Several key factors bear on the interpretation of prevention trials and observational studies that inform prevention strategies. These factors include the underlying disease process and aspects of the intervention: sustainability of behavior change, the time course of the intervention within the disease process, dose and duration of exposure needed to effect risk reduction, durability of the impact of intervention, and methodological problems in implementing and interpreting randomized trials and observational studies to evaluate prevention strategies. The question asked through an intent-to-treat analysis of a randomized controlled trial (RCT) differs from that in the observational setting. Furthermore, the long duration necessary to conduct prevention trials and the resulting lack of adherence to therapy can bias results toward the null. A broader range of approaches to evaluate prevention interventions and programs with improved knowledge synthesis and translation to public health practice will speed our progress toward achieving public health and prevention of chronic diseases.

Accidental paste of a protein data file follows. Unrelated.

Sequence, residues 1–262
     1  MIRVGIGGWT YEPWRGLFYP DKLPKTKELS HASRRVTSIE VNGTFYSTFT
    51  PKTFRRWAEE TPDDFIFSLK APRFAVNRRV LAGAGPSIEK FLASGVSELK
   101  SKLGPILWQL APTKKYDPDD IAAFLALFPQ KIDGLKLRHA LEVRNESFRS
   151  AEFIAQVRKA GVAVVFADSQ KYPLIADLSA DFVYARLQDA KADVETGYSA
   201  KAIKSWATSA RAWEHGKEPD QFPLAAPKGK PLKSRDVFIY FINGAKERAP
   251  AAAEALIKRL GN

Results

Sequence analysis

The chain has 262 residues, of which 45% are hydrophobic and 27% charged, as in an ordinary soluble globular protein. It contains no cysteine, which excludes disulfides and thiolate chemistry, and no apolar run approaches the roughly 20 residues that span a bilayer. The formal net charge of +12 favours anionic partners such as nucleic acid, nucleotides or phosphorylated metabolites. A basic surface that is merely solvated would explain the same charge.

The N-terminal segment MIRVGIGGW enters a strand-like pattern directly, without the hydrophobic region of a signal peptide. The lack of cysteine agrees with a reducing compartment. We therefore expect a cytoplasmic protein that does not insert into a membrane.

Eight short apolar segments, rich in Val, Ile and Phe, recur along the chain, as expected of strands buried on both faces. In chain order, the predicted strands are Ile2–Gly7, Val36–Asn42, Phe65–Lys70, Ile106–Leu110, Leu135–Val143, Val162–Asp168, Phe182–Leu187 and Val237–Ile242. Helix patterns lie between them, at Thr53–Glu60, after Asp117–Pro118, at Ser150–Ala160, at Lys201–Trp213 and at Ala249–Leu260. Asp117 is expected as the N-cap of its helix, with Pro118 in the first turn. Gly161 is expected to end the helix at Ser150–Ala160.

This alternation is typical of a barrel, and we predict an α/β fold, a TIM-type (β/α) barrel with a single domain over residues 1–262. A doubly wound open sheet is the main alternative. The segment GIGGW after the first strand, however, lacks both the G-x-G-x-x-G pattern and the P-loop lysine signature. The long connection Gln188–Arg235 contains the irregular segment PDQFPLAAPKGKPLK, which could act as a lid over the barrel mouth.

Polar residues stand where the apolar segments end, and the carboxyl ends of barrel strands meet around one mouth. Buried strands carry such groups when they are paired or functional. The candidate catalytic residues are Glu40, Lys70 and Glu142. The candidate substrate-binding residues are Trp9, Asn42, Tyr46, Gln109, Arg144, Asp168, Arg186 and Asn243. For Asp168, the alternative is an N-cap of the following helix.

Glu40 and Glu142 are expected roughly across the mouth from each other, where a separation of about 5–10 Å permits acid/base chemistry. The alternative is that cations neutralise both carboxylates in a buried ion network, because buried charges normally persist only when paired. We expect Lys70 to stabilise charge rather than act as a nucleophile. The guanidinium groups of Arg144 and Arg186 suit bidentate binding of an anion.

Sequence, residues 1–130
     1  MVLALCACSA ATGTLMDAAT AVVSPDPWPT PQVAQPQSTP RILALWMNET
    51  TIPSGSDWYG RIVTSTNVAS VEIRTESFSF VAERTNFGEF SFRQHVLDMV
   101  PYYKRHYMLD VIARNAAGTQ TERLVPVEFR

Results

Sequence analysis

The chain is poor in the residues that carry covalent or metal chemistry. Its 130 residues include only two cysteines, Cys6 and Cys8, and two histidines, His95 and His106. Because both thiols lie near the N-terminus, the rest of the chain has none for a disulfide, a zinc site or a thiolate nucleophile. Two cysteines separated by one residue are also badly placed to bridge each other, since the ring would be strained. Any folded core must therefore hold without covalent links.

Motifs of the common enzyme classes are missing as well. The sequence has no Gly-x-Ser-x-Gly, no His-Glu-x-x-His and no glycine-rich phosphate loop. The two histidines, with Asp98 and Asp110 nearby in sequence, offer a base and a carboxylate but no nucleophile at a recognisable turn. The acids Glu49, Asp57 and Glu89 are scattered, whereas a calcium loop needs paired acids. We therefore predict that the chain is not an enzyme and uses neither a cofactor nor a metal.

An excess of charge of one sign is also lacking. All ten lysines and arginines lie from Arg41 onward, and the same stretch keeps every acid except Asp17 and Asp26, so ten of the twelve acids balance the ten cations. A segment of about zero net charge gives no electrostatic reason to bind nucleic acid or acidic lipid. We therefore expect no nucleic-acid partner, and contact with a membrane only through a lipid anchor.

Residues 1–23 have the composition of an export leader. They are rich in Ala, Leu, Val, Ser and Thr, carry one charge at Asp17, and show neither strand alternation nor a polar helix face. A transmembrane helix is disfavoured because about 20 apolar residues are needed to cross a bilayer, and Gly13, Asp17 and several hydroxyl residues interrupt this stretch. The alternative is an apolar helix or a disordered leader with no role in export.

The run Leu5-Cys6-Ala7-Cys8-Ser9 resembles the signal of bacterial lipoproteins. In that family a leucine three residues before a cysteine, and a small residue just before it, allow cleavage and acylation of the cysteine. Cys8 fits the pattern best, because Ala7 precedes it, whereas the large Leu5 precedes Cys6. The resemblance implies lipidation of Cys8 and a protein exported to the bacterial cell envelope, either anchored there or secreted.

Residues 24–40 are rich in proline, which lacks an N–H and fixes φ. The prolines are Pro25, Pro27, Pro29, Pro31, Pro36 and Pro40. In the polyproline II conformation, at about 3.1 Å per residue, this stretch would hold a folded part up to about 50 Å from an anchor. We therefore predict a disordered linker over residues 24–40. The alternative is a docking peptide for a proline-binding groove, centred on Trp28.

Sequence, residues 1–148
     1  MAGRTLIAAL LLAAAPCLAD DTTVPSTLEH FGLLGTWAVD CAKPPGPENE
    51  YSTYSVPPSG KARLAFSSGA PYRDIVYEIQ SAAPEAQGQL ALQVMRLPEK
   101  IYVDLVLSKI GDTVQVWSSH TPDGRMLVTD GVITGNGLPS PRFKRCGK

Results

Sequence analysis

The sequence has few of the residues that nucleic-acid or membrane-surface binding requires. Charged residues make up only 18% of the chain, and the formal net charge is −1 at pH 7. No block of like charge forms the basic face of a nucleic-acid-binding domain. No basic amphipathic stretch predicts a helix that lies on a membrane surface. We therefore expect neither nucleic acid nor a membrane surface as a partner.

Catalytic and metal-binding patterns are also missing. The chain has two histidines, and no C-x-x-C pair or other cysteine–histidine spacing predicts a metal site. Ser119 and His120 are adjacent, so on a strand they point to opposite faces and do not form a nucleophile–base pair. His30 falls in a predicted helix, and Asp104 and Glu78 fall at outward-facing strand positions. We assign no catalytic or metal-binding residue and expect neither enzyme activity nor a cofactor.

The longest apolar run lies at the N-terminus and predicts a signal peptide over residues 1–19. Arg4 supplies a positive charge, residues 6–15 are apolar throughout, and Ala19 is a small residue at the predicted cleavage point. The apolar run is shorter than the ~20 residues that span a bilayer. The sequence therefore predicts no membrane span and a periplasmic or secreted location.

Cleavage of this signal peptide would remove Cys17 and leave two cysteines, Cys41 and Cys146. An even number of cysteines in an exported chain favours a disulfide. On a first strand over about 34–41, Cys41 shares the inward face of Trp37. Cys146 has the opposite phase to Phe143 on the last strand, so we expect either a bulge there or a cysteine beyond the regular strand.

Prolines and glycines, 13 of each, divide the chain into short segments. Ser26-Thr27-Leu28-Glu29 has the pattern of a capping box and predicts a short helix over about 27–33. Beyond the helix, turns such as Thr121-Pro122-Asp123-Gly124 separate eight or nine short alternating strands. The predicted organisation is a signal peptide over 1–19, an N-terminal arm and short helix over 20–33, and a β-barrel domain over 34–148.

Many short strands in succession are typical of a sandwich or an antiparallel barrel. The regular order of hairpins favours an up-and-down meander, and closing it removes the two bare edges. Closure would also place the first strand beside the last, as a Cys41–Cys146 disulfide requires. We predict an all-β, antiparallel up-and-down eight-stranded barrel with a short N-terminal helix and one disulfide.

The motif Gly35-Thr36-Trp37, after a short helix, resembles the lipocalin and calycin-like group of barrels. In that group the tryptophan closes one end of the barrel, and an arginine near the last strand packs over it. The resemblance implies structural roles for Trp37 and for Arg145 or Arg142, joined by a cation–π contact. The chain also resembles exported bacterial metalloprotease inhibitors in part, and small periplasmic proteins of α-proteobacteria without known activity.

|Number of pages||16|
|Journal||Annual Review of Public Health|
|State||Published - Apr 21 2010|
- Behavior modification